by Mary Alice Franklin, ArtsNews Editor
“My goal is to create artwork that is not just in the space, but of the space,” says Brooklyn artist Musa Hixson.
His new public artwork, “The Conversation Sculpture” – a steel structure that resembles a nearly blooming flower – was recently installed in Wolfs Lane Park in Pelham. The structure encompasses three oversized seats that are meant to promote dialog and contemplation.
The temporary installation, on view through June 20, 2023, is part of Pelham Art Center (PAC)’s public art program. The Center’s Communications Manager, Michelle Costanza, says that PAC hosts three to six solo and group public art exhibitions each year: “In 2017, this program expanded [from our courtyard] to Wolf’s Lane Park as an extension of the our mission to provide free access to artwork for all.”
Hixson explains that he has done plenty of work in community parks and public places. This artwork was inspired by his observations on how people use these spaces – they relax, sit, exercise, walk their dogs, play and meet up for a chat.
The artist began the sculpture pre-pandemic. He explains: “Since then, there have been a lot of thoughts on how people interact in [shared] spaces. But at this point…people are looking to interact with each other again.” By having the enclosed seats face each other, the sculpture becomes what Hixson calls a “pod” for something as simple as having a conversation or lunch.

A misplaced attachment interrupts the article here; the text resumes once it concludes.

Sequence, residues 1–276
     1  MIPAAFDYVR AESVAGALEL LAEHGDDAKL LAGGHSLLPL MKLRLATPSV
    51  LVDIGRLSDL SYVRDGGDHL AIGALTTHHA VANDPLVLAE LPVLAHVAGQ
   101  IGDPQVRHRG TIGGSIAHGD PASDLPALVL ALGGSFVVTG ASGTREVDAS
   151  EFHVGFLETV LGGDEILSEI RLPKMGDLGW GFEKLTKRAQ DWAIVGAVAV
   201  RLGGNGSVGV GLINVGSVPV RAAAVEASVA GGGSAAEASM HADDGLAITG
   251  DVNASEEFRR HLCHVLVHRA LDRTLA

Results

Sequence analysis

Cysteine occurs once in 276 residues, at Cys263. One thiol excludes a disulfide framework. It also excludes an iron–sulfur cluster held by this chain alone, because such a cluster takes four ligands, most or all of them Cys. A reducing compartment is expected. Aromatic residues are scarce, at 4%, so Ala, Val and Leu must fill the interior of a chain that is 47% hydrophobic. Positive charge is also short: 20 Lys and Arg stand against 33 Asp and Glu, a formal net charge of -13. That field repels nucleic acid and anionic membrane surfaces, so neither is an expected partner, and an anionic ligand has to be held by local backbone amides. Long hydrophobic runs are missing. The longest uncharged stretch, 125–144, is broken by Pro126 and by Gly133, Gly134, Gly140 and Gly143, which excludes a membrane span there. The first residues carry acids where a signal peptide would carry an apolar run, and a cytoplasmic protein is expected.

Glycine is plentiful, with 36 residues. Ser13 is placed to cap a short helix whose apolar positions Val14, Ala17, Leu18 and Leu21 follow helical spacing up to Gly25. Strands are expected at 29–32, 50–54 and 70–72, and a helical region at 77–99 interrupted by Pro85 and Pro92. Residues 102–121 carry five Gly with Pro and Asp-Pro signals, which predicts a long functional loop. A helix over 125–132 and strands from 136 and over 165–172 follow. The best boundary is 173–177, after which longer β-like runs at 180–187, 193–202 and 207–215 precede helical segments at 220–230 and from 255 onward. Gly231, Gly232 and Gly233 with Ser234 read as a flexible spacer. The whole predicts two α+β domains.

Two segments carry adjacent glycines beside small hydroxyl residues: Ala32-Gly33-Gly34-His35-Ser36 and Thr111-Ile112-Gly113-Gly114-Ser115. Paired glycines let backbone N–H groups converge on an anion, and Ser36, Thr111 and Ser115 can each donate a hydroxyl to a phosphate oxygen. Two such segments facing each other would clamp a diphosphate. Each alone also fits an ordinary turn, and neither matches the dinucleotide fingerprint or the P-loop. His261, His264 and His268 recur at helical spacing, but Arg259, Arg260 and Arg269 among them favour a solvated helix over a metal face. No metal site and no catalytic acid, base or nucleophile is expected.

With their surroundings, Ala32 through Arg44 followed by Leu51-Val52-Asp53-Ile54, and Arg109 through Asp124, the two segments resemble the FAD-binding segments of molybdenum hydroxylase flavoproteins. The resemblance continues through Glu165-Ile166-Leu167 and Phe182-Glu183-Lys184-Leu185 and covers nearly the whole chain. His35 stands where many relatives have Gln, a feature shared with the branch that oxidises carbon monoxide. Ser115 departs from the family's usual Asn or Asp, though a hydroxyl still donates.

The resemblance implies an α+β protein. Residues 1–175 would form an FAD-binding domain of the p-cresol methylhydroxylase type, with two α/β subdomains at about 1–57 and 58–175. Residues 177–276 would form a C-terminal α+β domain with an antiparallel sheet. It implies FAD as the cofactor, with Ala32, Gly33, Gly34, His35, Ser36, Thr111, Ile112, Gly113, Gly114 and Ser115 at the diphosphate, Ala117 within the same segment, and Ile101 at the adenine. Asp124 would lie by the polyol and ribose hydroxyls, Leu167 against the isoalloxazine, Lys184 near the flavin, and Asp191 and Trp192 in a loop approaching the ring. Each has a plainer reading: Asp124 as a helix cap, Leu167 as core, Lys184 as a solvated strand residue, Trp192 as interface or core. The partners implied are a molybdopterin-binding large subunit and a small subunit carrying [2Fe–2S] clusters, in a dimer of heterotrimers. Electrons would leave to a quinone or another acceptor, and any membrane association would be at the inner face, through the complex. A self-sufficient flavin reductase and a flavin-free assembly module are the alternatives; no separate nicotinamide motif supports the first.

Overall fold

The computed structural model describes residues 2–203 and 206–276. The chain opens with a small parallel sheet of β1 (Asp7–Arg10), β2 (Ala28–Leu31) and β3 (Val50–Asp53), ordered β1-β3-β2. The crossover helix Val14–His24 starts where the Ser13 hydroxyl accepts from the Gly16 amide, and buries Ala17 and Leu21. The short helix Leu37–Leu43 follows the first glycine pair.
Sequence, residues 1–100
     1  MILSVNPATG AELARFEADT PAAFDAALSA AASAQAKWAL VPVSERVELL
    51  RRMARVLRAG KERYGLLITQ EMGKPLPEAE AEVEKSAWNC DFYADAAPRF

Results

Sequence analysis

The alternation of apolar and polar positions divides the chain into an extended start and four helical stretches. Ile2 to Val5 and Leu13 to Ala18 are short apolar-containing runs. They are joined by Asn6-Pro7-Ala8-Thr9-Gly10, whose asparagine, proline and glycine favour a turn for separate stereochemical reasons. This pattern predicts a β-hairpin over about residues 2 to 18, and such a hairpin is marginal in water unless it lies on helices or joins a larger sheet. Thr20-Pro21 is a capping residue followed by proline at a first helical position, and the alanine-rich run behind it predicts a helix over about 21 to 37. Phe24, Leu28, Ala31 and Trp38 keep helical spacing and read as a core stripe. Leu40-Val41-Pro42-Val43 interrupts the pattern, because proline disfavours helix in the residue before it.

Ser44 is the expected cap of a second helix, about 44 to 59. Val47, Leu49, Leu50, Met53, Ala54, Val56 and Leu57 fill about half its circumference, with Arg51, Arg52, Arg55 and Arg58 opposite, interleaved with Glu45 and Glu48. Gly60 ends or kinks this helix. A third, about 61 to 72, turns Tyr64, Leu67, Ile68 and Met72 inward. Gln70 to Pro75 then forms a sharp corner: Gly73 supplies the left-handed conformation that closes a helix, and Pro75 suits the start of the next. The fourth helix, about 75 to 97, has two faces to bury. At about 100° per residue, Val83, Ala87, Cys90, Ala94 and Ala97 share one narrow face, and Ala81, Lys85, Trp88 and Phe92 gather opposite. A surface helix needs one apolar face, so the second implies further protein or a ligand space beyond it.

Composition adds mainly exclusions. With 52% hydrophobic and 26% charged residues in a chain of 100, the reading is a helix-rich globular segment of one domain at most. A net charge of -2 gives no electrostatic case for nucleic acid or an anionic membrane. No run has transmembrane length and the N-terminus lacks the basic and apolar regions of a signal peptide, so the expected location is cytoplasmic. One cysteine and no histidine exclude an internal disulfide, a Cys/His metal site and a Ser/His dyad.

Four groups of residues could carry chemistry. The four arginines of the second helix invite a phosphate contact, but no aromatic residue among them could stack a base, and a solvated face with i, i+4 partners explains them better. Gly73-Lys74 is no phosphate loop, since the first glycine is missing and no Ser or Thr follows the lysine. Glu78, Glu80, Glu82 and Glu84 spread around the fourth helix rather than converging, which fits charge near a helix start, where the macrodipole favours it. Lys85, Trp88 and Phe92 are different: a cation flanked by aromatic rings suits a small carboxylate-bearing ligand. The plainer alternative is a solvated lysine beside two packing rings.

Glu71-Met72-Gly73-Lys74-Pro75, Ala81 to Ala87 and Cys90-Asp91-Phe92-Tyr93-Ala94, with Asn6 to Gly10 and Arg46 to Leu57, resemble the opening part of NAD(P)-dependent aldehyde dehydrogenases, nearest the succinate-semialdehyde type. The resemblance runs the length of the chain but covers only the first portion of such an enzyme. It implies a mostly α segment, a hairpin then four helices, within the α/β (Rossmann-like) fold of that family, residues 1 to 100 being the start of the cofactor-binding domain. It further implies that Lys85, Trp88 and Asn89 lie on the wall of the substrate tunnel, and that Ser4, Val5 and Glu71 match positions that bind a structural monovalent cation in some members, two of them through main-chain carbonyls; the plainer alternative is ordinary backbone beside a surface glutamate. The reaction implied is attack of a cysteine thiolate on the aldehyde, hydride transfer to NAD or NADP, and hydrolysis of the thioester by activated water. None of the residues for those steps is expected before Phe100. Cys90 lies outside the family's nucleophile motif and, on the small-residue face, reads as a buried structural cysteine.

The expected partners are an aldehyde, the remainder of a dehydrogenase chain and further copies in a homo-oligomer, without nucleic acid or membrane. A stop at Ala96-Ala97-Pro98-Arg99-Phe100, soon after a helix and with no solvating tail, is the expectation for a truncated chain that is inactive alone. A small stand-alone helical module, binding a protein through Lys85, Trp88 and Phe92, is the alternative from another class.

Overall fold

The sculpture is conducive to the park; likewise, the park is conducive to the sculpture. He hopes people will interact with it, just as they would any other park bench.
Of course, measuring nine feet tall and six feet wide, this is not just “any other park bench.” It is visible throughout the park, and to passersby on the street. “I’m hoping that as people go by, they stop and say ‘what’s that?’ and that it adds to the color of their day.”
Speaking of color, Hixson reflects on his choice of the sculpture’s monochromatic blue: “Most parks are green or brown, so the concept was to have something in contrast with the colors of the park, but at the same time match with the sky.”
Lately, says Hixson, people seem more interested in public space. “People are getting together outdoors more, and I don’t think that’s going away.”
A version of this article first appeared in the July-August issue of ArtsNews, ArtsWestchester’s monthly publication. ArtsNews is distributed throughout Westchester County. A digital copy is also available at artsw.org/artsnews.